Attempts were made to host the games in Algiers, Algeria in 1925 and Alexandria, Egypt in 1928, but despite considerable preparations taken by coordinators, the efforts failed. The International Olympic Committee's (IOC) first African member, Greek-born Egyptian sprinter Angelo Bolanaki, donated funds to erect a stadium, but still the Games were set back for another three decades.
In the early 1960s, French-speaking countries of Africa including France organized the Friendship Games. The Games were organized by Madagascar (1960) and then Ivory Coast (1961). The third games were set for Senegal in 1963. Before they were completed, African Ministers of Youth and Sport met in Paris in 1962; as a few English-speaking countries were already participating, they rechristened the Games as the Pan African Games. The Games were granted official recognition by the IOC as being on par with other continental Games such as the Asian Games and the Pan American Games.
South Africa was banned since the beginning of the games in the 1965 All-Africa Games till the 1995 All-Africa Games because Apartheid officially ended when it was invited for the first time to compete the games.
Morocco was banned from the games from the 1987 All-Africa Games to the 2015 African Games because of a political dispute over Western Sahara. Morocco claims the territory as its "Southern Provinces" and controls 80% of it while the Sahrawi Arab Democratic Republic, which claims to be a sovereign state, controls the remaining 20% as the "Free Zone". In 2018, after the Moroccan government signed its treaty of return to the African Union, the country also pledged to return to the African Games. Rabat, Morocco hosted the 2019 African Games.
The 2018 NBA Africa Game was an exhibition basketball game played on August 4, 2018 in the Sun Arena at Time Square in Pretoria, South Africa. It was the third NBA game to take place on the continent of Africa, and continued with the format of Team Africa versus Team World.
Did you know that there are many African games that can be used to teach kids from different African countries about each other's cultures? These games can help to break down the barriers between different cultures and promote peace and understanding. In this blog post, we will discuss some of the most popular African games and how they can be used to teach kids about other cultures. They can also help kids learn teamwork and cooperation. In this blog post, we will discuss some of the best African games for kids!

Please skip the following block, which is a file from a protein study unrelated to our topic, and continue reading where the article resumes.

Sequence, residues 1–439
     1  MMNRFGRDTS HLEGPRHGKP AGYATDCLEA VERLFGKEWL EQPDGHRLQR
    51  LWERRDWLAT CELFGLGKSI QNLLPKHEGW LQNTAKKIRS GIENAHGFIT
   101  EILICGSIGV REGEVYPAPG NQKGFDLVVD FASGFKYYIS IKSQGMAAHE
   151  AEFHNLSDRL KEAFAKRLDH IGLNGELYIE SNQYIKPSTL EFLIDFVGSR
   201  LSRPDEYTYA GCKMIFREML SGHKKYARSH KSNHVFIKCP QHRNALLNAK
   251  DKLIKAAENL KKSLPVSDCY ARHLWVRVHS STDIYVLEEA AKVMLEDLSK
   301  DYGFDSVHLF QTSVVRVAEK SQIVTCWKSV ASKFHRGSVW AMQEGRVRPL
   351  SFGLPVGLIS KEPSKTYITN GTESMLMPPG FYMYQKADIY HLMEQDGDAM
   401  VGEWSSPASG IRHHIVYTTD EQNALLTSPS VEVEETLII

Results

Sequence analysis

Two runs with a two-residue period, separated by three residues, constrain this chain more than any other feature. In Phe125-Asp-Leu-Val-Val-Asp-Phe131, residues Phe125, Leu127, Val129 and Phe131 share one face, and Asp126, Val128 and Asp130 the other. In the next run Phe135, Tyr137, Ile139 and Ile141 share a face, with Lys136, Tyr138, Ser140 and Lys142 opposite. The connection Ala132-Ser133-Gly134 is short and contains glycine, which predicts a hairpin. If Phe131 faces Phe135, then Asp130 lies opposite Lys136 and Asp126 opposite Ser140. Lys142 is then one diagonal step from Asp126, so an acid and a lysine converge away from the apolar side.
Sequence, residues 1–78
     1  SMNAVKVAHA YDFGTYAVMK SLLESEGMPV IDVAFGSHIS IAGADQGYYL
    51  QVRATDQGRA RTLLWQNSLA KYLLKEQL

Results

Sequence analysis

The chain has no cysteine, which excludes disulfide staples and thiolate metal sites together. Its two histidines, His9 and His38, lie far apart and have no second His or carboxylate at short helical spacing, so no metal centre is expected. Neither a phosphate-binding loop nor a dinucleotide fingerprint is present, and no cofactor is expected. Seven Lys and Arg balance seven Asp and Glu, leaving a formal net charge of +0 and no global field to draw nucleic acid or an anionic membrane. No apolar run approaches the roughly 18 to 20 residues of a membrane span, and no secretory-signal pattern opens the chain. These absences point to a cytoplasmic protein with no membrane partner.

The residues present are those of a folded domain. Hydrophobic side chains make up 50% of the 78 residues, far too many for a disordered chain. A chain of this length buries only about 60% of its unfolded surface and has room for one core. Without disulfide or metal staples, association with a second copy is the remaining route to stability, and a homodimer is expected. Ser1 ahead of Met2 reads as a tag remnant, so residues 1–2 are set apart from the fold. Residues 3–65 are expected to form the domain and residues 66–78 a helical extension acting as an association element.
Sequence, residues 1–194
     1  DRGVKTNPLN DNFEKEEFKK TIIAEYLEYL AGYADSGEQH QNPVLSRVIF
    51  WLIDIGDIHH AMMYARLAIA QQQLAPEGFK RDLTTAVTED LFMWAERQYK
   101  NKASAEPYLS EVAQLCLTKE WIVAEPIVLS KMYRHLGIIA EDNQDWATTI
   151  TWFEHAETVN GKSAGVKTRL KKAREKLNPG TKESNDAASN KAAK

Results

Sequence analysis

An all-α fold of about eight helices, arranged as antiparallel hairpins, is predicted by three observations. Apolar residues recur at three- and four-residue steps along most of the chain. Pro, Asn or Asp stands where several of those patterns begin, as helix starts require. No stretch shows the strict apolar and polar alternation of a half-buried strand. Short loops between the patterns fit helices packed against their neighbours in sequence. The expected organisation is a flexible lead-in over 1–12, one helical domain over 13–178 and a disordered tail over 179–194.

Interestingly, Diketo can also be played alone as a way to test your skill and agility. However, we recommend playing with family or friends for the best experience. Watch the video below for a tutorial on how to play the game.
Abula is a popular game in Nigeria, and it is also becoming increasingly popular in schools as part of their extra-curricular activities. The basic rules of the game are similar to those of volleyball, involving teams of four players facing off on a court equipped with a ball and an Abula bat. To begin play, each team takes turns tossing the ball into the air and hitting it with their bats, similar to the serve in tennis or badminton. If you're still not sure how Abula is played, check out the video below for a visual demonstration.
As one of the best African games, Suwe was communal and brought kids from different backgrounds together. It quickly spread across the globe for its inclusive nature - anyone could play! The game is also unique in that it requires no special equipment or materials, only a pebble and an open space. To win, players must navigate their way through the boxes on one leg, avoiding the box with the pebble. The first player to complete the journey and acquire a home is declared the winner! The game can be played with any number of players, and continues until all homes have been claimed. Whether you are a child or an adult, Suwe is a fun and engaging way to spend your time. So lace up those sneakers and get ready to play!
Morabaraba is a traditional African game that is popular in many countries on the continent. The game is played with two sets of 12 pieces, called cows. Each player has six cows of their own color. The board is divided into nine squares, and each square can only hold one cow at a time. The object of the game is to capture all of the opponent's cows, or to block them so that they cannot make any more moves.
African games are a great way to teach kids about different cultures and countries. These games can be played with either real seeds or small pieces of paper, and they are a fun way to learn about African culture and history. Games like Morabaraba and Ayo are popular in many African countries, and they are a great way to spend time with friends and family. So next time you're looking for something fun to do, why not try an African game? You might just have a blast! 2b1af7f3a8